Near the intersection of Howe Avenue and Alta Arden Expressway, there’s a place called Taqueria Garibaldi, where there’s usually a soccer game on the TV, a well-stocked salsa bar and, almost always, a decent crowd.
In some ways, it’s easy to see why. One of Taqueria Garibaldi’s biggest pulls is its choice of meats—and there are plenty of options. The chorizo is red, crispy and greasy in all the best ways that chorizo should be. The lengua (tongue) is soft and dreamily reminiscent of only the most ethereal bits of beef. The fish is fine and flaky, so don’t be afraid of it (more on that in a bit). Cabeza and pork are herculean in flavor options worthy of note, too.
The tacos are small and served taqueria style on two tiny tortillas (flour or corn, your call), with a bit of house salsa that has all the kick of a pissed off Girl Scout who’s just tall enough to nail you right under the kneecap.
However, if you want to customize, there’s also a fully loaded salsa bar. A generous drizzle of lime juice and a slather of other salsas will enliven the tacos significantly. Avoid the escabeche, as somehow the cooks have found a way to strip the flavor out of pickled onions and jalapeños, leaving them as limp and unappealing as a tequila-saturated frat boy.
On weekends, diners can order menudo, a Mexican classic of tripe and beef foot served in a molten red broth flavored with onion, oregano, chilies and lime.
Even if you don’t like tripe, it’s hard to say no to menudo. Sadly, however, this one is easy to resist. This brackish broth is like eating a spoonful of the Pacific Ocean, and neither I nor my husband nor our three dining companions could get past it. There’s a lot of flavor beneath all that salt—which is a bit disappointing, because it could be a dish to travel for.
I’m generally wary of ordering seafood at taquerias due to an unfortunate incident that involved eating some shrimp and later locking myself in a bathroom and sobbing for five hours while terrible things happened. Here, though, you’ll find it not only safe, but also quite satisfying. The ceviche tostada tastes tangy and flavorful, though ditch the unidentifiable sweet-and-sour sauce that accompanies it, and instead, try a salsa with more bite. Taqueria Garibaldi’s menu also boasts an entire deep-fried tilapia, and loading it up with lime juice and pico de gallo makes for a happy eater, indeed.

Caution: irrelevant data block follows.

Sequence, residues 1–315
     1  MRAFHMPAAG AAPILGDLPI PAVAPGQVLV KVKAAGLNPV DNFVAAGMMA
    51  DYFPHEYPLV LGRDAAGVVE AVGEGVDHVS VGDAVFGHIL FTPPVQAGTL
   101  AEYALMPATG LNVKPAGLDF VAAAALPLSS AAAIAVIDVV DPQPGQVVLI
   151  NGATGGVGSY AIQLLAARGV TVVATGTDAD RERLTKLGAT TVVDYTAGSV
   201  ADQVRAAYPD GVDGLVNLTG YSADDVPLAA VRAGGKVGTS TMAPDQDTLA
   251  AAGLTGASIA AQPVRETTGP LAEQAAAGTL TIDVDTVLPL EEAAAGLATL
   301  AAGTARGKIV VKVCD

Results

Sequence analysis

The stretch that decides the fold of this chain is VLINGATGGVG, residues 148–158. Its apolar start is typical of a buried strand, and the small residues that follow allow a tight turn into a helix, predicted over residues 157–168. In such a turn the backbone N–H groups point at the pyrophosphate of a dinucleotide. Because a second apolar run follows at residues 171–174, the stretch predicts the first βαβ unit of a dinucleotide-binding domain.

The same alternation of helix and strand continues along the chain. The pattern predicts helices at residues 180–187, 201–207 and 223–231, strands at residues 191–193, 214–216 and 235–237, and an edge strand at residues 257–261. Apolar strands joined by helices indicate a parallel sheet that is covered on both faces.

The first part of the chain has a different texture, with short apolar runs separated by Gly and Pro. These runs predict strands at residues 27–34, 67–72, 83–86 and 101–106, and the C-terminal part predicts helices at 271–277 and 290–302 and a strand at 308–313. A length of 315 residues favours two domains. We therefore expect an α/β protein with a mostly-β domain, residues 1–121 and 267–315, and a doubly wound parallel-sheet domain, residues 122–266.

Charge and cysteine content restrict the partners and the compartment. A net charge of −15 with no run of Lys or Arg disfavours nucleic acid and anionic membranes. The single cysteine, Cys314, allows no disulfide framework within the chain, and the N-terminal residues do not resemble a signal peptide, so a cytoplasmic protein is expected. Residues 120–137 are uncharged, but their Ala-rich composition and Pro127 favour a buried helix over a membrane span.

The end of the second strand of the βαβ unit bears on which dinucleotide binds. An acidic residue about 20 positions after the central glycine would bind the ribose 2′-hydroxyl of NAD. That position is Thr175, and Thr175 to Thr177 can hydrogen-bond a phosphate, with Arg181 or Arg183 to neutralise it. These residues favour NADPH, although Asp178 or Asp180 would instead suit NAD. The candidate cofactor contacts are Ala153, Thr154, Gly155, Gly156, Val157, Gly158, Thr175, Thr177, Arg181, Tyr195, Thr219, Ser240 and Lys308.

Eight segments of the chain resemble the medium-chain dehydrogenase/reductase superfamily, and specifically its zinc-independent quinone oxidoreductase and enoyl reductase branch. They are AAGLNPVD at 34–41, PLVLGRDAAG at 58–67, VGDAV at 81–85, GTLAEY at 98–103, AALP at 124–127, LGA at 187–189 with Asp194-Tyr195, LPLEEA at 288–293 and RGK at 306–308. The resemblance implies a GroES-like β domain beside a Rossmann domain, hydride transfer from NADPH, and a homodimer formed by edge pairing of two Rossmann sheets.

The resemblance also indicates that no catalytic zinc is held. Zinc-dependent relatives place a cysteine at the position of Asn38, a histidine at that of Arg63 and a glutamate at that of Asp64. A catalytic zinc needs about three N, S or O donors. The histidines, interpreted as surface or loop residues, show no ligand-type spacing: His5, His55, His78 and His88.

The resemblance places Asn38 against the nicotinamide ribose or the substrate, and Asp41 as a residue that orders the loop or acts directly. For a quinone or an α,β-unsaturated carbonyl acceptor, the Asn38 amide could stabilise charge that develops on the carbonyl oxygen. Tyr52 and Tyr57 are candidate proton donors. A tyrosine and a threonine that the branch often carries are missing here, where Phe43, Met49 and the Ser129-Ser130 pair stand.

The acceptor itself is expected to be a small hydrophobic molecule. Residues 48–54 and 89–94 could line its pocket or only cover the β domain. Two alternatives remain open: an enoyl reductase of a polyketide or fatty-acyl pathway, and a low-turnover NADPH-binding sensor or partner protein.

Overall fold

We tried the torta stuffed with bland tomatoes and barbecued chicken that was barely discernible as either barbecue or chicken. The bun barely held together, so in the end, la torta es terrible.
Be sure to pick up a glass of the homemade horchata, which is sweet and milky with seductive whispers of cinnamon. You will want seconds.
I dream of the restaurant’s chile verde plate. Here, the tomatillo sauce is tangy and salty, with a mild heat that lingers long enough to be extinguished by the delightful refried beans. I’m not sure if there’s a stick of butter in there or just a fistful of lard that makes them so good, but either way, the beans leave me excited. The Mexican rice is nothing to get excited about, however—but Mexican rice rarely ever is.
Taqueria Garibaldi is usually a happening place. Visit during a soccer game, and you’ll find a rowdy joint where the beer tastes better and the salsas seem hotter. Additionally, if you’re looking for a place that’s open until 3 a.m. on a Friday or Saturday and serves pretty decent tacos that are not just a cut above, but whole bolts of cloth above the tacos at most other eateries open at this hour, then Taqueria Garibaldi will do you well.